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Security Corner with Snyk: A Deeper Dive into Maven Vulnerabilities

This year, Snyk and Cloud Foundry are working together to provide monthly posts focused on helping you stay more secure. This is the third installment. Read the first, second and third posts as well.

In my last post, I covered some of the most common types of vulnerabilities for two of the main ecosystems we track in our vulnerability database, namely Maven and npm.

I promised that I would follow up on that post to look into the key vulnerabilities in more depth for each of the key ecosystems, and this post will focus on npm. We can see from our State of the Open Source Security Report that we released in late 2017 that npm is by far the fastest growing ecosystem by percentage of packages indexed year to year.

This amazing statistic coupled with the fact that the number of npm packages downloaded per day is increasing at an even faster rate shows the importance security plays in this explosion of open source usage.

The 6 most common vulnerabilities that exist in the npm ecosystem, as indicated by the Snyk vulnerability database, are listed below.

  • Directory Traversal
  • Resources Downloaded over Insecure Protocol
  • Cross-Site Scripting (XSS)
  • Malicious Packages
  • Regular Expression Denial of Service (ReDoS)
  • Arbitrary Code Injection

In this post, we’ll focus on the first three. Most of the examples shown will affect the npm eco-system, although there are some exploits that exist outside of npm that are also interesting enough to mention as we go.

Directory Traversal

We’ll start with directory traversal, a common vulnerability on its own but, in the npm ecosystem,  the most common vulnerability we’ve seen. The premise of this vulnerability is as follows: an attacker can traverse the directory structure on a system such that they can gain access to parts of the file system outside of the target folder in which they should reside. This could happen on both the server side or client side and can lead to unintentional or sensitive files being read, written, overwritten.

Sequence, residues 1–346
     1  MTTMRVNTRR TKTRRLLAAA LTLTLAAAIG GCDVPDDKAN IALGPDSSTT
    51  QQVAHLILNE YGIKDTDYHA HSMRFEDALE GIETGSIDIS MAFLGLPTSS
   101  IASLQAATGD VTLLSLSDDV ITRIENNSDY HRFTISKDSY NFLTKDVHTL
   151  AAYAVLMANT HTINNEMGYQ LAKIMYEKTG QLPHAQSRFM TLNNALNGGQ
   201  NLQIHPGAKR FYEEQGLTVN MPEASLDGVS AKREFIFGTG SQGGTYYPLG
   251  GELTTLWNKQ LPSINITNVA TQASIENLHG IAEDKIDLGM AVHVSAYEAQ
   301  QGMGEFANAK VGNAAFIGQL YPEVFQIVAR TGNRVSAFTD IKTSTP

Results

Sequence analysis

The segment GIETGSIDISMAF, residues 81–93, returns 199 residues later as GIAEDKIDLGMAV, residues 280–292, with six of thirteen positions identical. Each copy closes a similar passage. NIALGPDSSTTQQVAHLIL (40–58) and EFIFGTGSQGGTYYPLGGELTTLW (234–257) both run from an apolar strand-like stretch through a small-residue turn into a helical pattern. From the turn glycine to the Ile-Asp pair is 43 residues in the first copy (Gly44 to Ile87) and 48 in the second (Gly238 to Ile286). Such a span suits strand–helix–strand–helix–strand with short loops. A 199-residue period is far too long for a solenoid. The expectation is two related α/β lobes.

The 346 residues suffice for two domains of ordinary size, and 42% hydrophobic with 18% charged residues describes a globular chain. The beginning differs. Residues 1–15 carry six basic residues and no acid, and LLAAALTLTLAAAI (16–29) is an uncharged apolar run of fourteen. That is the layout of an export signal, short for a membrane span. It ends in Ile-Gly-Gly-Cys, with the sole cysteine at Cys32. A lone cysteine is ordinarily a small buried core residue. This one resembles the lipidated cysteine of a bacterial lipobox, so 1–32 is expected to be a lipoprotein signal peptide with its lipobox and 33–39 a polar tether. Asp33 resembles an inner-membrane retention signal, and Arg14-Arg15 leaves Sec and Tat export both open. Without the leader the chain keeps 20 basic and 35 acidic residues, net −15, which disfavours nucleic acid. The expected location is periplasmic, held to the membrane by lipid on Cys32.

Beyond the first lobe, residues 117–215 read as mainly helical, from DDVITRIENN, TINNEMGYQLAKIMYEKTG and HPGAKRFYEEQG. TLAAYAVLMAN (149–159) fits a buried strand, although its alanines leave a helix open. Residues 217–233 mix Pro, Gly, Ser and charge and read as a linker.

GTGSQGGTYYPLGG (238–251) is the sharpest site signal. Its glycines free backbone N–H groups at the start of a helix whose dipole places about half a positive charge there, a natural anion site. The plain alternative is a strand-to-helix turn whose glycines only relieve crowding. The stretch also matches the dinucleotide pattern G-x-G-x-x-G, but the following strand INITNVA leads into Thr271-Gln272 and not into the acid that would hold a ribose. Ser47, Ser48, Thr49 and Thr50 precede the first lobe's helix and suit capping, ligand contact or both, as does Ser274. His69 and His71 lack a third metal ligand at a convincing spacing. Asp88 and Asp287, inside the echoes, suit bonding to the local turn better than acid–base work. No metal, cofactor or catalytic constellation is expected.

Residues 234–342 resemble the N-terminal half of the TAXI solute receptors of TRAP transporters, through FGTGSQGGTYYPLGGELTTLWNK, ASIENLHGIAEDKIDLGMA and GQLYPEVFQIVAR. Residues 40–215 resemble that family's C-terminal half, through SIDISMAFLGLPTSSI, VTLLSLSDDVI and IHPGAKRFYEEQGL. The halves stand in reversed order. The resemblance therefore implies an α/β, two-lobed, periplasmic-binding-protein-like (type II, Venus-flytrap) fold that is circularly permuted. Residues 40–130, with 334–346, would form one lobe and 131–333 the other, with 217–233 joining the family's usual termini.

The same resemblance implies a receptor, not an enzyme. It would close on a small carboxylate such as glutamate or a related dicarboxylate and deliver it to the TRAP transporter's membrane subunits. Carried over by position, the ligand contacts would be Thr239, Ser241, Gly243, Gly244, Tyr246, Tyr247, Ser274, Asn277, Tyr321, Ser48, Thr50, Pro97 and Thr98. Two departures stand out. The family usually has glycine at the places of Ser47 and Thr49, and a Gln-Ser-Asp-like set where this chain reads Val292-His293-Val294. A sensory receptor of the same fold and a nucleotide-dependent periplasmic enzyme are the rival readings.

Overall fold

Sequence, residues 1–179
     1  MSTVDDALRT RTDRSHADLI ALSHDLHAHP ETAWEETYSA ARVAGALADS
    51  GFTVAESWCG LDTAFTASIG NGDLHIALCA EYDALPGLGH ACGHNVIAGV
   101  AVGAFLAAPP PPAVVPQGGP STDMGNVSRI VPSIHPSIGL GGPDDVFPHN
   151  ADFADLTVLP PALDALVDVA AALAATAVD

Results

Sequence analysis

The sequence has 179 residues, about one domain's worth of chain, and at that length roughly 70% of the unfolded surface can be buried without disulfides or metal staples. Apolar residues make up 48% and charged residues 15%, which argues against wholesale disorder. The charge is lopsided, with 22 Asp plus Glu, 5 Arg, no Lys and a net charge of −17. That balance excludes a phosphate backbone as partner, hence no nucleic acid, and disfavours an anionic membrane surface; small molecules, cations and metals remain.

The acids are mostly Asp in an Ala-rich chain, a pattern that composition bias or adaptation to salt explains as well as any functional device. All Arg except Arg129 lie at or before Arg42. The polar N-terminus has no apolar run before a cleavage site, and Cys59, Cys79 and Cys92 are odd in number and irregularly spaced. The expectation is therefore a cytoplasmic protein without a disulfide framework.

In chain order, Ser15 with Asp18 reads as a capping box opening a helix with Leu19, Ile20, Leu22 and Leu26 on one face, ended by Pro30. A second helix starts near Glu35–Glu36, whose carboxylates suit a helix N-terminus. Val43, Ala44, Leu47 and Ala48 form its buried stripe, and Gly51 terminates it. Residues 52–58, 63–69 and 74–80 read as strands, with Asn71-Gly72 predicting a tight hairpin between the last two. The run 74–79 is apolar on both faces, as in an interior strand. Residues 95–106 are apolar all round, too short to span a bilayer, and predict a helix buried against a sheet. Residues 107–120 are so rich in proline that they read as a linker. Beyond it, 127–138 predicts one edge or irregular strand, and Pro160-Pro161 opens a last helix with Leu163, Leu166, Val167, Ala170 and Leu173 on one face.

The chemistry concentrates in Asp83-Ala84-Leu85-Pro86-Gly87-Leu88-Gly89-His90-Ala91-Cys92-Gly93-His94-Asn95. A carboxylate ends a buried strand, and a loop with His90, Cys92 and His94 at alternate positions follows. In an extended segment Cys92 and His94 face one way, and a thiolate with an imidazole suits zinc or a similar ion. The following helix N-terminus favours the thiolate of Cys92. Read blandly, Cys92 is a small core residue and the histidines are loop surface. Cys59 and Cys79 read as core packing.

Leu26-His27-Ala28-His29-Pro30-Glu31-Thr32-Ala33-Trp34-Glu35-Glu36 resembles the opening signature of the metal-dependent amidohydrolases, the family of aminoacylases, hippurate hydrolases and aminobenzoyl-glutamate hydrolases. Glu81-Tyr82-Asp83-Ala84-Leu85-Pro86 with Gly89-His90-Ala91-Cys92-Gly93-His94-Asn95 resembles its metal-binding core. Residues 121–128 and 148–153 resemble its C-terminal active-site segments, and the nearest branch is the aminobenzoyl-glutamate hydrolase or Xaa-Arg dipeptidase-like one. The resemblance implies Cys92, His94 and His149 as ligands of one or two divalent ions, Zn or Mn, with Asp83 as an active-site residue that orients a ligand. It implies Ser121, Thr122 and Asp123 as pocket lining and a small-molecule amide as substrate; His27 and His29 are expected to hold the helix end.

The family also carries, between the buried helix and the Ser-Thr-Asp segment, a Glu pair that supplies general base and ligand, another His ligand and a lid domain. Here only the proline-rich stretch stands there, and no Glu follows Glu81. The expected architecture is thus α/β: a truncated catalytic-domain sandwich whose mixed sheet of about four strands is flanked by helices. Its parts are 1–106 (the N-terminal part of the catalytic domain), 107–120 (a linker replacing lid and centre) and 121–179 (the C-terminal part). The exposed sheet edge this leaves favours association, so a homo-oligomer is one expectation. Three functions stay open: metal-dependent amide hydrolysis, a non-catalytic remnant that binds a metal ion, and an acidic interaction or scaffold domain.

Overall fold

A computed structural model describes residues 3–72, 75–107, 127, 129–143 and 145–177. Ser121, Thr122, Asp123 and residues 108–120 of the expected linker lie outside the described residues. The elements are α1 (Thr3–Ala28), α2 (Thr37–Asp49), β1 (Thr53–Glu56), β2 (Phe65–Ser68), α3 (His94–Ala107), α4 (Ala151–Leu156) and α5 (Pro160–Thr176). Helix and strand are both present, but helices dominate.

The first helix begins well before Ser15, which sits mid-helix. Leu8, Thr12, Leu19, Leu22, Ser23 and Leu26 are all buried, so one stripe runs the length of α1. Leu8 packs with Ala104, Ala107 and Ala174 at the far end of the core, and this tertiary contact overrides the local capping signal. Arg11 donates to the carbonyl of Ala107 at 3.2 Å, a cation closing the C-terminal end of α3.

Let’s look at a couple of examples, starting with an interesting directory traversal vulnerability found in-house by our security team whereby it’s possible to attack an FTP client via directory traversal. The FTP protocol itself does not offer a download folder command, but we can combine several other commands to achieve this same functionality. An example code snippet that does just this that was vulnerable in Apache Hive is shown below.

async downloadDir(localDirPath) {
    await ensureLocalDirectory(localDirPath);
    for (const file of await this.list()) {
        const localPath = path.join(localDirPath,;
        if (file.isDirectory) {
            await this.downloadDir(localPath);
            await this.send("CDUP");
        else {
            const writable = fs.createWriteStream(localPath);

The code above iterates over each file returned by the server, and downloads it into a local destination folder. For example, if the first file in the remote folder is named passwd, and our local destination folder is /var/data/sync/, we’d end up downloading the file to /var/data/sync/passwd. If the FTP server turns malicious, and responded to the LIST command with ../../../../etc/passwd as the filename, the code above will end up placing the passwd file into the /etc directory, overwriting the existing /etc/passwd with the newly downloaded file. This could have been avoided if the code included input validation on the response from aFile.getName().

This example was particularly interesting as it’s a server attacking a client. Now let’s take a look at a far more common directory traversal example, such as a vulnerability in the st package (a node library that serves static files) that a user would exploit on a server. This is an example that understood the threat posed by directory traversal , but didn’t fully protect against it. Versions prior to 0.2.5 didn’t allow dots in a path to successfully change up to the parent directory, but dots can be url encoded and this was not taken account of. Thus, a request like ../../../etc/passwd can equally be represented as %2e%2e/%2e%2e/%2e%2e/etc/passwd. Both of these strings have the exact same impact when used, but the st package only guards against the unencoded ../ attack. As a result, you can send a server a request to serve up static content from anywhere to which the server process has access.